By Jude Njoku & Ikenna Asomba
Accelerating the pace of urbanisation and migration and the disproportionate level of poverty and under development in Africa will top the agenda of the United Cities of Local Governments of Africa, UCLGA, summit slated to hold between November 29 and December 3, 2015 at the Sandton Convention Centre, in Johannesburg, South Africa.
The summit will also explore issues relating to public transportation, urban agriculture, informal trading, neighbourhood development, green buildings, parks and open spaces, and public safety in urban settings.
Green building, according to the United States Environmental Protection Agency, US EPA is the practice of creating structures and using processes that are environmentally responsible and resource-efficient throughout a building’s life-cycle from siting to design, construction, operation, maintenance, renovation and deconstruction.
Recently, the United Nations Intergovernmental Panel on Climate Change came up with a report which revealed that green buildings could be a key means of reducing greenhouse gas emissions.
According to the report, green buildings could play an essential role in any efforts to reduce the impact of anthropogenic global warming, particularly given projected gains in the emission levels of the international construction sector.
The construction sector which is a key contributor to global warming is expected to undergo a doubling of energy consumption and related emissions by mid-century across the globe, if it proceeds along its current path.
The Johannesburg summit tagged Africities 2015, according to the Secretary General, UCLGA, Jean-Pierre Elong-Mbassi, would be attended by the representative head of local governments across the continent and will be used to push for the principles of Pan-Africanism as well as to promote unity, solidarity, cohesion and cooperation among African people and African States.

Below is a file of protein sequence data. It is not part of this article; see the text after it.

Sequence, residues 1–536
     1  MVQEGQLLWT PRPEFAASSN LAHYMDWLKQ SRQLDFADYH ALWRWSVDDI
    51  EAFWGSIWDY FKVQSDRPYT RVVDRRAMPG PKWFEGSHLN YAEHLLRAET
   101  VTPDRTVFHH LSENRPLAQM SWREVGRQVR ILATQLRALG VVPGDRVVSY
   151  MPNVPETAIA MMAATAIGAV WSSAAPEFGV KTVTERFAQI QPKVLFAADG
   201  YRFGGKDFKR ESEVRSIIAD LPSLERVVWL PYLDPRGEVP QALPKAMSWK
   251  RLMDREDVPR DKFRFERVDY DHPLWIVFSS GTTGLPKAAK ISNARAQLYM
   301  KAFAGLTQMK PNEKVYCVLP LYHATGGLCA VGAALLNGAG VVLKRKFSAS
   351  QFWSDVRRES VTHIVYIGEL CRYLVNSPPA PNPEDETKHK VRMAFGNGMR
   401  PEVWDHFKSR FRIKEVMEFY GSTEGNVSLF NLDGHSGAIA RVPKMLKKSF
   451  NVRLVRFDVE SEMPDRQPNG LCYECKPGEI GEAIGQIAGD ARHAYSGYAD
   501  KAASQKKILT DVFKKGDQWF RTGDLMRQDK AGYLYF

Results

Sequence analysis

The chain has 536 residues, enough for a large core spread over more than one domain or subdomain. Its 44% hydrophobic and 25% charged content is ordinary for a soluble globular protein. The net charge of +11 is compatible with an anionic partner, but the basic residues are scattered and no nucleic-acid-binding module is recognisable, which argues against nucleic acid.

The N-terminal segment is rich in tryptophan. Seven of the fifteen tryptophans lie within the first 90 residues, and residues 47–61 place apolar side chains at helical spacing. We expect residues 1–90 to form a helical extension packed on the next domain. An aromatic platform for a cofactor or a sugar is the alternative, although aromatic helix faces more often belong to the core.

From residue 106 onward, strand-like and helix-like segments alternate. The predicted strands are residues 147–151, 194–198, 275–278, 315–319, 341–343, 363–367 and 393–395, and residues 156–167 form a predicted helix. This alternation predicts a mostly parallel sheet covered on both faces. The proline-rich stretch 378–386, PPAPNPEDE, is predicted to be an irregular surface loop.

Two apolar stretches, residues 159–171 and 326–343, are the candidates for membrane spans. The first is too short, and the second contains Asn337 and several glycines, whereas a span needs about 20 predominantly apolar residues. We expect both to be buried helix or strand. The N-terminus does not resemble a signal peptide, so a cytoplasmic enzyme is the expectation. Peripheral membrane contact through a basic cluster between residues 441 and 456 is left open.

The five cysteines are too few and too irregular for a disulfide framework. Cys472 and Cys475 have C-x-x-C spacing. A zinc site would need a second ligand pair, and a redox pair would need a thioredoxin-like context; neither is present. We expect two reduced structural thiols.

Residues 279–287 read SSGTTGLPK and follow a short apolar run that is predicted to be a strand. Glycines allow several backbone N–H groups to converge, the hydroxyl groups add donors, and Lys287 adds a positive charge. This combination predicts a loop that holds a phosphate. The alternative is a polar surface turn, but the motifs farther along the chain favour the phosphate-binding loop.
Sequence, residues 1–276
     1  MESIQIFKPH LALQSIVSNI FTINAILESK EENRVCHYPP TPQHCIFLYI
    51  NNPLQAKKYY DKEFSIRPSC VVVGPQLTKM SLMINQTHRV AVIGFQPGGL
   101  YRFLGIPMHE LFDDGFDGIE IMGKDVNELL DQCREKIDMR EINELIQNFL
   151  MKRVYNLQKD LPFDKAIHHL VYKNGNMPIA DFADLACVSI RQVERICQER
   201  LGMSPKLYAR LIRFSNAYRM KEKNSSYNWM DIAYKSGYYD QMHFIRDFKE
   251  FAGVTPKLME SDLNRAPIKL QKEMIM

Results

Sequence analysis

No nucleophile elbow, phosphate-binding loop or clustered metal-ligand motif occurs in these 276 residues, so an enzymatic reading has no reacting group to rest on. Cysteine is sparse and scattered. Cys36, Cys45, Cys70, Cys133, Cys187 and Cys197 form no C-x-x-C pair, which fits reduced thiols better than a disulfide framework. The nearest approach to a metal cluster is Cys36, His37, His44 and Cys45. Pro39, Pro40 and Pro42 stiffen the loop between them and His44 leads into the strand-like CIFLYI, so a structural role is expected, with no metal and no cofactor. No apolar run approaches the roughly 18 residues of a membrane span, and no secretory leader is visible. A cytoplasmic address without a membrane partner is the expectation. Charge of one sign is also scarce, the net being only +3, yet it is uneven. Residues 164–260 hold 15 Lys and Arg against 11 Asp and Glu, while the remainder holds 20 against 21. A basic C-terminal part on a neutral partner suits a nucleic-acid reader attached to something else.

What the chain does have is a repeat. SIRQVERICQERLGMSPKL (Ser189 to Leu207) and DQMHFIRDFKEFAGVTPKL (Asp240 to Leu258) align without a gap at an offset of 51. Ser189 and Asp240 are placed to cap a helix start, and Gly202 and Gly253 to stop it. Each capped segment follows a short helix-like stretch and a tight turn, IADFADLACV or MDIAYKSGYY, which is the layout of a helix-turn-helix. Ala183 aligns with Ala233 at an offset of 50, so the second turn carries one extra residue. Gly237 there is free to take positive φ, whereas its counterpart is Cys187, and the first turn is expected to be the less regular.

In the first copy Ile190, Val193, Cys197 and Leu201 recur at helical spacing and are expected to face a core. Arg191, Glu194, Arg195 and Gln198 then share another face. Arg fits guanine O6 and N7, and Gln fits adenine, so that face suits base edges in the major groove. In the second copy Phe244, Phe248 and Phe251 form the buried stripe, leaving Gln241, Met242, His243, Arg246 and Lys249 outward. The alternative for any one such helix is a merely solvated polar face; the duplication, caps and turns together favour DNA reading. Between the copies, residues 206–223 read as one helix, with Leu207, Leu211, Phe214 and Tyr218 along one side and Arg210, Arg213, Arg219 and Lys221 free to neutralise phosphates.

Elong-Mbass told newsmen that the Africities Summit which is now in its 7th edition, will create a platform for tackling issues affecting urban“and economic development across the continent with a sharp focus on“collaborative partnerships, best practices, innovative and strategic thinking and solutions to the challenges of development and urbanisation.
He said: “With a vision of building the unity of Africa and promoting “its development through the grassroots, the UCLGA’s dedication“throughout its history has been driven by its commitment to the empowerment of local people in local communities and their“participation in the development of Africa and its governance.
“We have been campaigning for the decentralisation of power, referred to as, ‘the second liberation of the continent,’ as well as advocacy for citizenship through participation and collaboration, best practice and transparency in local government. “The summit is held every three years. This year, more than 5,000 participants are expected from across Africa and the globe, and over 25 open sessions for stakeholders ranging from the World Bank on one side, to slum dwellers on the other.
The theme of this year’s summit is “Shaping the Future of Africa with the People: Africa’s Local Government Contribution to the Africa 2063 Vision.”
Those expected to participate in the summit include local and national government officials, Heads of State, economists, city and financial planners, as well as investors and other stakeholders.